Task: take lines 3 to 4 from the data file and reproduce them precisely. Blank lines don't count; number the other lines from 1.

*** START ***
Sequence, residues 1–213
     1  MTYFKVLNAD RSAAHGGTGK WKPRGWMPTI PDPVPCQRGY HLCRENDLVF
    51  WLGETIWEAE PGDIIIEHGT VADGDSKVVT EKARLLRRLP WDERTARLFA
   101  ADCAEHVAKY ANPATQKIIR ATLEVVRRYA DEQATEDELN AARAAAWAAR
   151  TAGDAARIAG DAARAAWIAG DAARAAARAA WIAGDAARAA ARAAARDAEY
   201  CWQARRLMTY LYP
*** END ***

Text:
    51  WLGETIWEAE PGDIIIEHGT VADGDSKVVT EKARLLRRLP WDERTARLFA
   101  ADCAEHVAKY ANPATQKIIR ATLEVVRRYA DEQATEDELN AARAAAWAAR